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MedCity News

januari 03, 2024

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Are Rare Brain Diseases the Next Commercial Frontier for Gene Therapy?

Research into gene therapies began more than 40 years ago, but the first FDA approval in 2017 ignited a fresh wave of interest from investors and drug companies who see the technology’s transformative, even curative potential.

Approximately 80 percent of rare diseases are caused by mutations in a single gene, and these monogenic disorders can be excellent candidates for gene therapies. These mutations can produce devastating symptoms that limit individuals’ ability to achieve independence, pursue an education, start a family, and participate in the economy and the normal activities of everyday living.

As biomedical science continues to advance next-generation treatment paradigms, more companies are engaging their R&D teams and healthcare stakeholders to deliver on the promise of one-time and limited-dose gene therapies that could offer lifetime benefits. For many rare disease patients, gene therapy has become synonymous with hope.

Zeroing in on neurological disorders

The biggest trend in gene therapy development is the potential of several treatments for rare neurological diseases to move from the bench to the bedside.

To date, four gene therapies have been approved for rare monogenic neurological diseases: spinal muscular atrophy; metachromatic leukodystrophy; cerebral adrenoleukodystrophy; and Duchenne muscular dystrophy.

The current biopharmaceutical pipeline for central nervous system conditions includes several promising gene therapies targeting monogenic disorders of the brain. Most are caused by enzyme deficiencies, which have historically been treated with enzyme replacement therapy. However, benefits are often limited by the short half-life of the recombinant enzyme, the production of anti-drug antibodies, and the inability of the enzyme to cross the blood-brain barrier.

Several gene therapies are in development for monogenic lysosomal storage diseases, characterized by an abnormal build-up of various toxic materials in the body’s cells as a result of enzyme deficiencies. Gene therapies in development could provide a much longer therapeutic duration – either by repairing the mutated gene or replacing it with functional copies.

For example, Tay-Sachs disease (TSD) is caused by a defective gene on chromosome 15. In an open-label Phase 1/2 trial of an intrathecal adeno-associated virus (AAV), a gene therapy showed an increase in cerebrospinal fluid HexA activity in these patients, indicating early safety and proof-of-concept in people with TSD.

Three gene therapy candidates are under investigation to treat Gaucher disease, another lysosomal storage disorder. Gaucher disease is caused by mutations in the GBA gene, leading to low or absent levels of the enzyme beta-glucocerebrosidase. One study is delivering a modified AAV vector directly into the liver to increase beta-glucocerebrosidase production. Another uses a lentivirus-based approach that modifies patient blood stem cells to deliver healthy copies of the defective gene. The third uses a modified AAV vector containing a healthy copy of the GBA gene to prevent neurodegeneration.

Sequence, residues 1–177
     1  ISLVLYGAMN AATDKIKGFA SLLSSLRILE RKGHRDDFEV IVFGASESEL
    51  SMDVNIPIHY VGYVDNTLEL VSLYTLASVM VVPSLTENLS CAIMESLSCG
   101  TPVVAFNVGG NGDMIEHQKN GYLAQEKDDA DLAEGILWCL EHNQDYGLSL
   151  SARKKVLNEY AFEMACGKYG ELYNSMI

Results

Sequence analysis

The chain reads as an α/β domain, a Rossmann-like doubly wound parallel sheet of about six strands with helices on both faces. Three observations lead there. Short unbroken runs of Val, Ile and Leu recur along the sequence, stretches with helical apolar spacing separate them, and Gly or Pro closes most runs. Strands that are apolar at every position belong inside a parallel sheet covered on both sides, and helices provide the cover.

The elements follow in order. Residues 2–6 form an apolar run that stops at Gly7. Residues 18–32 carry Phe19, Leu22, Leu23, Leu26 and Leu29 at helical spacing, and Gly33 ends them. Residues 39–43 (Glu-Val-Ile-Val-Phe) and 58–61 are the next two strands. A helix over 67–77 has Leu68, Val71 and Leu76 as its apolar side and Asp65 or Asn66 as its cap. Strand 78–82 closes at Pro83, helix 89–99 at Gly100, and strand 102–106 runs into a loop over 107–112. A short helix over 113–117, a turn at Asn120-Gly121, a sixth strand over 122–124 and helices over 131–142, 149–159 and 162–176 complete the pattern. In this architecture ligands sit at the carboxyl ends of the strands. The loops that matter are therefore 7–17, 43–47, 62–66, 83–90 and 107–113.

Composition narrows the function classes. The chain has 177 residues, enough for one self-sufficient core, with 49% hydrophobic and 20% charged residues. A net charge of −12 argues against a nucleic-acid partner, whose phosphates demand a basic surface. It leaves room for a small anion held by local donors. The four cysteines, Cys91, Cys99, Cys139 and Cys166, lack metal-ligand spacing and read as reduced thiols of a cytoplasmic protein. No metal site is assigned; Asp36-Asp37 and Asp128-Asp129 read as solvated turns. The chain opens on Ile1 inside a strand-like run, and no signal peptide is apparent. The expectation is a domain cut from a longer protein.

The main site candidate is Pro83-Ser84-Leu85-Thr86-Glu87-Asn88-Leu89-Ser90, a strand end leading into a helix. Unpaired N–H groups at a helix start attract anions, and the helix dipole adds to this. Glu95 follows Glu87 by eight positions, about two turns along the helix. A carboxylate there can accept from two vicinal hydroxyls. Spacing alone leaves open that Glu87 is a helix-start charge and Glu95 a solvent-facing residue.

Fabry disease is a lysosomal storage disorder that occurs when the enzyme alpha-galactosidase-A cannot efficiently break down lipids into smaller components that provide energy to the body. Currently approved treatments for Fabry disease include enzyme therapy and an oral pharmacologic chaperone, however, investigational gene therapies targeting AAV and lentiviral ex vivo transduction could reduce the number of recurring treatments needed by providing a one-time treatment option.

With many neurological diseases being monogenic disorders, there is huge potential for gene therapy in this space by targeting a variety of mechanisms, including AAV, lentiviral vector, and more – and with the volume of studies in these disorders, the life sciences industry and researchers clearly recognize the potential in the space.

What about gene therapy for common brain disorders?

While clinical development is accelerating for rare monogenic neurological diseases, patients affected by more common central nervous conditions do not have obvious causative gene mutations.

Conditions such as Alzheimer’s disease, Parkinson’s disease, and epilepsy are more heterogeneous. For these disorders, gene therapies may be designed to address mechanisms of disease, rather than to deliver healthy copies of a mutated gene. For example, gene therapies in development for Parkinson’s disease focus on delivering dopamine or dopamine-synthesizing enzymes. Several in development for focal epilepsies aim to reverse increases in network excitability that drive seizures rather than attempting to correct a single genetic cause.

The expansion of gene therapy into more prevalent neurological disorders continues to be hampered by challenges in crossing the blood-brain barrier. Scientists are still working on ways to safely and effectively introduce genes into the brain to target specific cells. New viral vector technologies and delivery routes are being developed to address these obstacles.

Due to the sheer diversity of approaches being taken to treat and functionally cure neurological disorders, gene therapy development often requires a unique approach and a team that can execute in uncharted territory. Companies must navigate the challenges of enrolling trials, be able to manufacture and transport the therapy – perhaps using novel devices or surgery to deliver the treatment, develop and validate safety and efficacy assays, and possibly implement specialty biomarker assays for early proof of principle. It takes a village, and we know the patient is waiting!

Photo: Yuichiro ChinoImage, Getty Images

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